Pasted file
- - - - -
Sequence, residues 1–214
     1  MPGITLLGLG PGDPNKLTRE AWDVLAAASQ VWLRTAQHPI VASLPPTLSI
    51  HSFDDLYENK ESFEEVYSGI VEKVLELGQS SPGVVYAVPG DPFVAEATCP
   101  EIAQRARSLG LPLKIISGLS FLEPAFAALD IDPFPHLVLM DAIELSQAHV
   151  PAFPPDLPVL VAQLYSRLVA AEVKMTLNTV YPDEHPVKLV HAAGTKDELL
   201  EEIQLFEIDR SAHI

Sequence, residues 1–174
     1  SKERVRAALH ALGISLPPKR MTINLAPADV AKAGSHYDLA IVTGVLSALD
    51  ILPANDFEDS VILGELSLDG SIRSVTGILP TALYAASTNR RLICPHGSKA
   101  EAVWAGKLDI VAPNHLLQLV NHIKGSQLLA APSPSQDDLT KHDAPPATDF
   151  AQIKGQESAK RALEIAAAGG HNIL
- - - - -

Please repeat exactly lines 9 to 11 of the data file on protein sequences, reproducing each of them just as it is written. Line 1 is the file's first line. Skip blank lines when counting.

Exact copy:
    51  ILPANDFEDS VILGELSLDG SIRSVTGILP TALYAASTNR RLICPHGSKA
   101  EAVWAGKLDI VAPNHLLQLV NHIKGSQLLA APSPSQDDLT KHDAPPATDF
   151  AQIKGQESAK RALEIAAAGG HNIL